Admiralty gives in

The revolution has been postponed: the United Kingdom Hydrographic Office has delayed the phasing out of its Admiralty paper charts for four years, to 2030. This follows pressure from the Royal Yachting Association and others.

The argument against losing paper charts sooner is that adequate electronic alternatives for small craft – especially small commercial ones – will not be ready in time.

I assume this means officially approved, high-quality electronic charts designed for the relatively simple equipment that small craft use. These are not currently available on the market.

The vast majority of electronic charts in use by smaller craft are not officially authorised by national hydrographic authorities – hence the prominent, but universally ignored, warnings that they must not be used for navigation.

Their quality control and some of their operational features are not good enough to satisfy official standards: one key feature missing from most is reliability information – the electronic equivalent of the diagrams on Admiralty charts showing age of seabed surveys. Leisure charts do have the advantage, of course, of being cheap compared with the officially approved versions used by ships.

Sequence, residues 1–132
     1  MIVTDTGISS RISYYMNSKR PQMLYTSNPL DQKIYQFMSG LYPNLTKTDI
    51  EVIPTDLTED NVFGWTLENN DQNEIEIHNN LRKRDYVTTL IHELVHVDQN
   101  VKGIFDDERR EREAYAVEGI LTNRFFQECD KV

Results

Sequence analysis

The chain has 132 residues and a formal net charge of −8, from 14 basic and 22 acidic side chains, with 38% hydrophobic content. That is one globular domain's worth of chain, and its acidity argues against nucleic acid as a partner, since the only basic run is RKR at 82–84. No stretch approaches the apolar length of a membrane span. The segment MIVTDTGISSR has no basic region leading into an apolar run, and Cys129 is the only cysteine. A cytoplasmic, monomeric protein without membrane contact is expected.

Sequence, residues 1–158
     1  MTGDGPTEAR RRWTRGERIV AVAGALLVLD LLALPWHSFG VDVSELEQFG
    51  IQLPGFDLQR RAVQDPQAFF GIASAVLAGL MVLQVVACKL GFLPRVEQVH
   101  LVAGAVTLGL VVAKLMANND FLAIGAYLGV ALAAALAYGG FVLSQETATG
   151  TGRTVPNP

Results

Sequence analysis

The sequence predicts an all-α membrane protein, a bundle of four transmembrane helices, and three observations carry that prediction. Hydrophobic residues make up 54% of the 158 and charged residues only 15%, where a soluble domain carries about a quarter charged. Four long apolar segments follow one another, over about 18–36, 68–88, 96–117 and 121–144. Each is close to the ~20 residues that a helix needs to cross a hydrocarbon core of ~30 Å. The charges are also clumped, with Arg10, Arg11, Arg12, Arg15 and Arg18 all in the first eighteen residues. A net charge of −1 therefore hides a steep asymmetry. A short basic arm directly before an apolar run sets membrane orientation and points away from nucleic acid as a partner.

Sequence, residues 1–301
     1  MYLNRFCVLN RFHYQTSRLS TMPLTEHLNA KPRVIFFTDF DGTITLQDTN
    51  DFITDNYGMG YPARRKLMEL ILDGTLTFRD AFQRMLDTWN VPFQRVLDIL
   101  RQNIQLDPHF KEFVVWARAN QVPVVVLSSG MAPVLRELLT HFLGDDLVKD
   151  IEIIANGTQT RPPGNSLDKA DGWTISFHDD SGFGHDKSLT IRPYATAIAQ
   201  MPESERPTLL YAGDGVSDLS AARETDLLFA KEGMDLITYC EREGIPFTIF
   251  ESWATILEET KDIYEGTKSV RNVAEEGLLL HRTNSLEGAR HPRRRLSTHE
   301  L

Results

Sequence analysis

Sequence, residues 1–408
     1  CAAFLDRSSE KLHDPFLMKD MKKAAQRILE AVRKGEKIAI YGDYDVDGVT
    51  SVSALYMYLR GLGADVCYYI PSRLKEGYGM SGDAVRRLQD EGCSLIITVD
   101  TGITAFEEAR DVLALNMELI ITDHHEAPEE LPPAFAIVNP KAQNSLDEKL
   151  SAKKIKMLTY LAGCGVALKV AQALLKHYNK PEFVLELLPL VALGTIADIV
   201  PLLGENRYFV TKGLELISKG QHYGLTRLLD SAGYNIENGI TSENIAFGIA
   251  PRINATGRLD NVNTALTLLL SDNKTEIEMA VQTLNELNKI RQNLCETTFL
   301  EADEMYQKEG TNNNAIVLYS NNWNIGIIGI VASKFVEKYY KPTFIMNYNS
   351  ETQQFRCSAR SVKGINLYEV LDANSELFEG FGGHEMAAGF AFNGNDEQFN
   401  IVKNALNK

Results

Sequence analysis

The day before the RYA announced it had won a four year reprieve for paper, I filled in a survey on chart usage by SHOM, the French equivalent of the UKHO, which is also trying to establish what to do about paper charts. The survey was forwarded by the RIN to its members. SHOM does seem to be keener than the UKHO to continue with paper.

The Royal Institute of Navigation and other bodies including the RYA are trying to improve leisure chart standards to the point where they can gain some sort of official approval. But it’s a slow process.

Meanwhile, we all have to carry on using what are basically sub-standard charts. Remember that next time you read advertising guff about how wonderful the various leisure chart brands are.

This is a link to the SHOM questionnaire:

The RIN has provided an English translation: